As Hosepipe Bans Hit The UK, Here's How To Save Water When The Weather's Hot

Think before you flush!
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When temperatures rise, it’s important to keep ourselves and our gardens hydrated. But weeks of hot weather and very little rain have resulted in serious water shortages across parts of England.

Southern Water is set to impose a temporary hosepipe ban in Hampshire and the Isle of Wight from August 5, meaning people won’t be able to use hosepipes to water gardens, clean cars, and fill ornamental ponds and swimming pools.

The restriction is the first to be put in place in the region since 2012, although the company stressed there is “no direct risk to customer water supply”.

South East Water has also confirmed a hosepipe and sprinkler ban will be imposed on those living in Kent and Sussex from August 12, the BBC reported.

Parts of England have had their driest July since records began, according to provisional figures from the Met Office. South-east and central southern England saw an average of only 5.0mm of rain last month, while East Anglia had 5.4mm.

For both areas it was the lowest amount of rainfall in July since Met Office records began almost 200 years ago, in 1836.

With more warm weather expected in some parts of the UK, here are some tips for cutting down your water usage at home, while still keeping yourself and your garden refreshed.

Think before you flush

We all know not to leave taps running unnecessarily and to turn them off when brushing our teeth or shaving, but do you flush things down the toilet unnecessarily? For example, if you’ve used a tissue to blow your nose pop it in a bin rather than flushing.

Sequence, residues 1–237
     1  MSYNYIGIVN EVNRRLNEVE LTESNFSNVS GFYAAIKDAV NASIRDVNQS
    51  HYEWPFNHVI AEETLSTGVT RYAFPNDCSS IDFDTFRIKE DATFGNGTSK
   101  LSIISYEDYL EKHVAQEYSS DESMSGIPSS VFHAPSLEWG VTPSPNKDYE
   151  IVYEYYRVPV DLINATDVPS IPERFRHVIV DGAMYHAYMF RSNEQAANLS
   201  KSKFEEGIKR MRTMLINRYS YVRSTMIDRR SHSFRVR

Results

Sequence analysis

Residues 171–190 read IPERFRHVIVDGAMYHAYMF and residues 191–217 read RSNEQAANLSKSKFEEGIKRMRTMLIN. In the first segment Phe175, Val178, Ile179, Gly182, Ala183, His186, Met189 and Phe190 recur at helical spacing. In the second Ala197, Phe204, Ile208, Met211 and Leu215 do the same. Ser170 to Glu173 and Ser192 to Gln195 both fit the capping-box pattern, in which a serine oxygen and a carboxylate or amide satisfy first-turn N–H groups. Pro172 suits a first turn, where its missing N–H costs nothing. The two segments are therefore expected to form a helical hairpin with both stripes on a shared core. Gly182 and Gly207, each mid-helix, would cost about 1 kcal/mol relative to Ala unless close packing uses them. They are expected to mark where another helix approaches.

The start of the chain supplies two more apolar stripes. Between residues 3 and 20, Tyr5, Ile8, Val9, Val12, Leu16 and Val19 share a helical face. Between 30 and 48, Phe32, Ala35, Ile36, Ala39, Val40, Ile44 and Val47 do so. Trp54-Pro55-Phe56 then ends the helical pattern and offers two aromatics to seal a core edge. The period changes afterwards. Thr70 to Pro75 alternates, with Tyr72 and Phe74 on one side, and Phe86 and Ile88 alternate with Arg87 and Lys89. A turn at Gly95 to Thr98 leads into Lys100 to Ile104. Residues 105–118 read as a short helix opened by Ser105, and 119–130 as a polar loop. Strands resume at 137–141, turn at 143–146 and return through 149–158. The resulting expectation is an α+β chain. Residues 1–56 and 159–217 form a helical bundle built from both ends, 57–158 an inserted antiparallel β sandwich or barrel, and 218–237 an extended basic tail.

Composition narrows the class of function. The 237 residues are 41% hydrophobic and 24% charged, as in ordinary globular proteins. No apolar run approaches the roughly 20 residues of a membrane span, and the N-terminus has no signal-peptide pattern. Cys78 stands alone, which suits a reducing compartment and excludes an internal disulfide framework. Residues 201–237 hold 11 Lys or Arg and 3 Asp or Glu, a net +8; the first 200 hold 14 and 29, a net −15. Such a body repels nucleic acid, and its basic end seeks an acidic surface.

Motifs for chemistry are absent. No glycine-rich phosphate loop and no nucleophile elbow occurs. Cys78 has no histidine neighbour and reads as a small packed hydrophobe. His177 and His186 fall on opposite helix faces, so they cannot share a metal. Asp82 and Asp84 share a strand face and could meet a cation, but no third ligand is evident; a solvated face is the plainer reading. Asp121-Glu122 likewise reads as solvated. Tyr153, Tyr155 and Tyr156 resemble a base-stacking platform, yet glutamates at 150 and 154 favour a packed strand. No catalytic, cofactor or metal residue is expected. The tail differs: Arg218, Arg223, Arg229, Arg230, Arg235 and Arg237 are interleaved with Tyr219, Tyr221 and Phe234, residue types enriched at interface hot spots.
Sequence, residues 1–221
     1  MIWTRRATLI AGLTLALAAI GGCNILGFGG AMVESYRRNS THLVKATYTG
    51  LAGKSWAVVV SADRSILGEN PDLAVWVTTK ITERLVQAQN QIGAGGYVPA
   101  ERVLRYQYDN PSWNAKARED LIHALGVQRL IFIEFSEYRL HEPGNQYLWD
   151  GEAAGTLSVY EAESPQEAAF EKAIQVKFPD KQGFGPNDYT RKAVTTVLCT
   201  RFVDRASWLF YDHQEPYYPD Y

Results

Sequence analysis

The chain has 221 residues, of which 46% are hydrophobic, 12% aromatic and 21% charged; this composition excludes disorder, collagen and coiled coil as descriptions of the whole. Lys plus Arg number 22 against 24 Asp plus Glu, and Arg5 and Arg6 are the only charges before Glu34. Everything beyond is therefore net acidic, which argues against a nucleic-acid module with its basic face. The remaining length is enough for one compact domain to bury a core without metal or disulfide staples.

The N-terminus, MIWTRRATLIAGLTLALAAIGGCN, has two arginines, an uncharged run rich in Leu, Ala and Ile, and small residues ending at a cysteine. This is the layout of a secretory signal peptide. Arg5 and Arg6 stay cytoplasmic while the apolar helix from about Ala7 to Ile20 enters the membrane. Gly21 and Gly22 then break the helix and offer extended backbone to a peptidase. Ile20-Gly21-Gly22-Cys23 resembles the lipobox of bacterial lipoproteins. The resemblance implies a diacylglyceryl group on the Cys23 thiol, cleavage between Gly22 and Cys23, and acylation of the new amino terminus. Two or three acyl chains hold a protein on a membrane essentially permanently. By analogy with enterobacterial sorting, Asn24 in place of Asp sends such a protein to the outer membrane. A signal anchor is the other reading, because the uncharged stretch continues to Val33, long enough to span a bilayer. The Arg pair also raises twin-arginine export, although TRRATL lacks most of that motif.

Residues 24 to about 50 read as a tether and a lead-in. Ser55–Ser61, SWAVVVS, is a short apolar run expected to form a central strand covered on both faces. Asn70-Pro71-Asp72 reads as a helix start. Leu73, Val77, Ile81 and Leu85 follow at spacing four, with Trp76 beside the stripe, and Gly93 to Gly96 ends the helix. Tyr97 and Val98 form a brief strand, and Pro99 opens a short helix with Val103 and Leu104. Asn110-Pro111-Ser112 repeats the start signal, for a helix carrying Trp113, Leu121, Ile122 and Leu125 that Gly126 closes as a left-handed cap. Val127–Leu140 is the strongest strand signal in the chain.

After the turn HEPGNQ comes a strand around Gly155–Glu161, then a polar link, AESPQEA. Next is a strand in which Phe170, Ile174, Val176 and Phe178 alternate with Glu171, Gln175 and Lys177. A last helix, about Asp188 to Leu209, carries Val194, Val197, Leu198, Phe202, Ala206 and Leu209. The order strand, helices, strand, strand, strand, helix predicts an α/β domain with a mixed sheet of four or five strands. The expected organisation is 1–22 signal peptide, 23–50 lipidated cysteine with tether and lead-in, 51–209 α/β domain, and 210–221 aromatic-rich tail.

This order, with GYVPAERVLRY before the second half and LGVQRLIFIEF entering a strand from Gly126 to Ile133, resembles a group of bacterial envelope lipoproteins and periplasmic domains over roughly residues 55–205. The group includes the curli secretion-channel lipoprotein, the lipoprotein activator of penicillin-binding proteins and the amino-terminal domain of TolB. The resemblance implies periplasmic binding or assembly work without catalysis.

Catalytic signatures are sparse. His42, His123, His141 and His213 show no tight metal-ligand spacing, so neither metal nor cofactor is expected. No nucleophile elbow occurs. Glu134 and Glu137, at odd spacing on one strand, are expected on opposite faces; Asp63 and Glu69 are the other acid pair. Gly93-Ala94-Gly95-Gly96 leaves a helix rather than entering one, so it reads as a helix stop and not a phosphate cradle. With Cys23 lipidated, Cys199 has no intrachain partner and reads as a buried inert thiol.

Make small changes to your daily washing routine

Showers are much more water-efficient than baths, and should absolutely be your first choice for an eco-friendly wash. Keep them as short as possible (four minutes is advisable) and avoid running the water for a long time before getting in – this should be easier during the hot weather, when the cold water as you first turn on the shower will feel pleasant rather than bracing.

If you only have a tub, you can save five litres of water just by running your bath an inch lower, according to Water UK.

Use your dishwasher

If you fill up the dishwasher completely each time you run it, you’ll use less water than you would doing the washing up, according to Friends of the Earth. Just make sure it really is a full load.

Plus, a lot of dishwashers have an eco setting, so make sure you opt for that.

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Drink wisely

When making hot drinks, boil only as much water as you need. For cold drinks, fill a jug with tap water and place it in your fridge. That way, you won’t have to run your tap for a long time to get the water running cold before filling your glass.

Cook smart

Reuse cooking water in which you have boiled vegetables, potatoes or pasta by adding it to sauces and stocks. Also, wash your vegetables and fruits in bowls of water rather than under the tap, so you can use the leftover water to give your plants a drink too.

Use a watering can instead of a hosepipe

During the hot weather, it’s doubly as important that you are giving your garden the love it needs. To do this in an eco-friendly way, refill a watering can instead of using a hosepipe, to minimise the use of any wasted water.

Consider putting hanging baskets and flower pots into the shade so they’re less likely to dry out.

Invest in a water butt

Not so handy for now, but definitely useful for when the rain does eventually hit. A water butt enables you to use leftover rainwater to tend to your plant friends, instead of draining precious fresh water. To give a little perspective, just one filled water butt (or rainwater tank) holds enough rainwater to fill a watering can 25 times.